News / Winnipeg

‘Bring my children home’: Woman fundraises for legal battle against Manitoba childcare

Tamara Malcolm, who has been vocal on Twitter about her decade-long struggle to get her kids back, recently started a GoFundMe page to raise money for a lawyer.

A Serpent River First Nation woman has started a crowdfunding campaign to cover legal fees as she fights to get her children out of Manitoba’s foster care system.

Tamara Malcolm, who has been vocal on Twitter about her decade-long struggle to get her children back, recently started a GoFundMe page to raise money for a lawyer. As of Monday, the page had reached $2,980 of its $50,000 goal.

The page says Malcolm’s three children were apprehended by Winnipeg’s Child and Family Services (CFS) in 2007. Malcolm says at the time of the apprehension she was in an abusive relationship with her ex-partner. She says she cut off contact with the man, and has not seen or heard from him in 10 years.

“I have never and would never, ever hurt my children. My children were then, and still are, my whole life,” Malcolm wrote on the page.

“I’ve been trying, since my kids got taken away, to get my life back,” Malcolm said in a phone interview Monday. One of her children has since turned 18 years old and aged out of the system, another lives with her and has never seen a foster home.

The fundraising page gives a video tour of Malcolm’s home, and the items of clothing she’s holding onto for when her two remaining kids return. In a second video, she stands in her beading class business, Bea Beads.

“I’ve been dragged along for the longest time, being told I’m going to be given my kids back here and there, nothing’s ever happened,” she said. “I’m not giving up on my kids.”

Malcolm’s Toronto-based lawyer Katherine Hensel of Hensel Barristers, said the goal is to bring the children – who are wards of the province of Manitoba – to Ontario. Malcolm will be commencing legal action against Manitoba and the agencies.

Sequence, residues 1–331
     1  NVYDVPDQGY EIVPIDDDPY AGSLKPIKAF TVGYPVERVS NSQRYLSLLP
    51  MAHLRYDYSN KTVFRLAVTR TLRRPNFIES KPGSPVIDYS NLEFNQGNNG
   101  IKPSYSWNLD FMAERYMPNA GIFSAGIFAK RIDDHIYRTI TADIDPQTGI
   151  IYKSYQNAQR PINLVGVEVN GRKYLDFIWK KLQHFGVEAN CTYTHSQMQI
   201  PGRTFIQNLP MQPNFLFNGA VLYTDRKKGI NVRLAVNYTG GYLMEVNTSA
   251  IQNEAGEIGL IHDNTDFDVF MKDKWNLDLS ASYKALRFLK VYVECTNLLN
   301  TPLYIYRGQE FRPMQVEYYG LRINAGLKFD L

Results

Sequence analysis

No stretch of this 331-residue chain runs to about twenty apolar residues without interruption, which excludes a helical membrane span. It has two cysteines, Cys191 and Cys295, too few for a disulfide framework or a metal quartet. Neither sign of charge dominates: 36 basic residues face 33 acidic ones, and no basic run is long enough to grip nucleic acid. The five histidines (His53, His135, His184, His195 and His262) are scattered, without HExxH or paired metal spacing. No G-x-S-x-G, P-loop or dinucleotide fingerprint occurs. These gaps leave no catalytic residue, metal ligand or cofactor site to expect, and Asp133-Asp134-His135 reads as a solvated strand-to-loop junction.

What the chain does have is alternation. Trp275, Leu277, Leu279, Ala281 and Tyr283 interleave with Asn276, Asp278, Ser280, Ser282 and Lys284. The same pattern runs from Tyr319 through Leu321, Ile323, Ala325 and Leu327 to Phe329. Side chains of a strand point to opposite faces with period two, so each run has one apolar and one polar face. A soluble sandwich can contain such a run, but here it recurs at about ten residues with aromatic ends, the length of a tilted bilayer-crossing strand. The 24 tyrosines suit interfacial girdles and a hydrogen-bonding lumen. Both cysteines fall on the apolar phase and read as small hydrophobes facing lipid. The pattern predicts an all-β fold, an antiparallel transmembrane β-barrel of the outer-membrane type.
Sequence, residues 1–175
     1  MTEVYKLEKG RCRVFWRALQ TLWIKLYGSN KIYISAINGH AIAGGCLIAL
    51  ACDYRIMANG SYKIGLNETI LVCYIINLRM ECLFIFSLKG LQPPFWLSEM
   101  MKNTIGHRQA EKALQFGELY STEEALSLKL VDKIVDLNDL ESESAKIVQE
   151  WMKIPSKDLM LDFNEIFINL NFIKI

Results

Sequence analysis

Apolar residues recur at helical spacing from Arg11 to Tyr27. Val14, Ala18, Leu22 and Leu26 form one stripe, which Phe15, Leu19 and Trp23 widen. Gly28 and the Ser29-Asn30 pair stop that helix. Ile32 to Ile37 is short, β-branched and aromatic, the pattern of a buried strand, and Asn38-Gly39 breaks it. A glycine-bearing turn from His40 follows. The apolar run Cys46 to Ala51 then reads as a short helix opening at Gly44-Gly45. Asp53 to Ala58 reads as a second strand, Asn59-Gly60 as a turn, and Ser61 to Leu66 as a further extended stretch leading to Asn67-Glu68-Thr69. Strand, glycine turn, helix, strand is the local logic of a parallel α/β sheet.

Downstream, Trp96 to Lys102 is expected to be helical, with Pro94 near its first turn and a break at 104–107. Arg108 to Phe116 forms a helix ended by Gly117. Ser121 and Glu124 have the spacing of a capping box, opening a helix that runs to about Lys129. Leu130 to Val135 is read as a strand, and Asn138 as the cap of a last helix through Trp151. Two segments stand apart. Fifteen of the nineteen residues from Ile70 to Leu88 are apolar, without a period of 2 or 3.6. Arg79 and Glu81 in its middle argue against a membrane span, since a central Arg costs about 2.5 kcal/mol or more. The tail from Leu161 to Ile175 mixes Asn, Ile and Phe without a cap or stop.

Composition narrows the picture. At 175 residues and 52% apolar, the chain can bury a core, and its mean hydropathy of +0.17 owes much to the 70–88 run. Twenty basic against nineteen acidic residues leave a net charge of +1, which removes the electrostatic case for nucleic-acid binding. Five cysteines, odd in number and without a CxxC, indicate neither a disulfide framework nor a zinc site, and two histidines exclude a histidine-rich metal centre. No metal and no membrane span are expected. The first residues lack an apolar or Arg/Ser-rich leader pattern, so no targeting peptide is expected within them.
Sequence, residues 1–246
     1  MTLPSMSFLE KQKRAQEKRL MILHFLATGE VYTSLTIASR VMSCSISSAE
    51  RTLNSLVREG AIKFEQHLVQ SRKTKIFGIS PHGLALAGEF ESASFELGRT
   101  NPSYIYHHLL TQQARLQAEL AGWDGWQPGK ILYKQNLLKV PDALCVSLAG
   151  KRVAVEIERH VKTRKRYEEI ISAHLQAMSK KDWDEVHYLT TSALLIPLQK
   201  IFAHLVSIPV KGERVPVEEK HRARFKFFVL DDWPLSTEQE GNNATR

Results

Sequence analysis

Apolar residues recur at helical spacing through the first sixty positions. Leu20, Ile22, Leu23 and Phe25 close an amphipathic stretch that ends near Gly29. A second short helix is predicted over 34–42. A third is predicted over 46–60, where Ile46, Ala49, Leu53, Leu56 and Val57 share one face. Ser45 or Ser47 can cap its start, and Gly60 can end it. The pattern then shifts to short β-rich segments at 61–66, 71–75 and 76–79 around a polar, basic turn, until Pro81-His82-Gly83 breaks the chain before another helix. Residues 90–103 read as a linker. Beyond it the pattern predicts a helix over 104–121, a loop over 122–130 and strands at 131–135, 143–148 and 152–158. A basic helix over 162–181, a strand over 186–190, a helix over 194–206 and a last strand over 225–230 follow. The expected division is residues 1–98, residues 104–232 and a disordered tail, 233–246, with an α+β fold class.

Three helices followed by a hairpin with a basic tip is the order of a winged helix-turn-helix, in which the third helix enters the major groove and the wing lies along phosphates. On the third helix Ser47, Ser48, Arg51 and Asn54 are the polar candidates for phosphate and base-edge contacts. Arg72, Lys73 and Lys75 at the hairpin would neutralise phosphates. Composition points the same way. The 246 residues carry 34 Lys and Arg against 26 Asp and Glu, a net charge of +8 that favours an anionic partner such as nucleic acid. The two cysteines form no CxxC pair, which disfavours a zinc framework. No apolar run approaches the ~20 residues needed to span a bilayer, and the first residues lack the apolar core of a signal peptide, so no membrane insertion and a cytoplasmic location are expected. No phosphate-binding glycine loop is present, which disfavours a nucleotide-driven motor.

That lawsuit has not been filed yet, she said.

With government data showing nearly 50,000 kids in Canada in foster care, and 11,000 in Manitoba alone, Hensel said cases like Malcolm’s are “everyday occurrence across the country.”

“That is a reality, and it’s creating ongoing trauma, not only for individual children and families, but for entire communities and future generations,” she said.

A Manitoba government spokesperson declined to provide specific information about a child in care case.

“We can say that under the Child and Family Services Act, child safety is paramount. Children are taken into care only when there are serious safety concerns that cannot be resolved without removing the child,” reads an emailed statement.

“Apprehensions are a last resort and working with families towards safety so that children can flourish within the family network and community is the primary goal…Children can be reunified with their parents at any time while they are in care. “

The government recently announced plans to reform Manitoba’s child welfare system, with the goal of reducing the number of children in care and the amount of time those kids spend in care.

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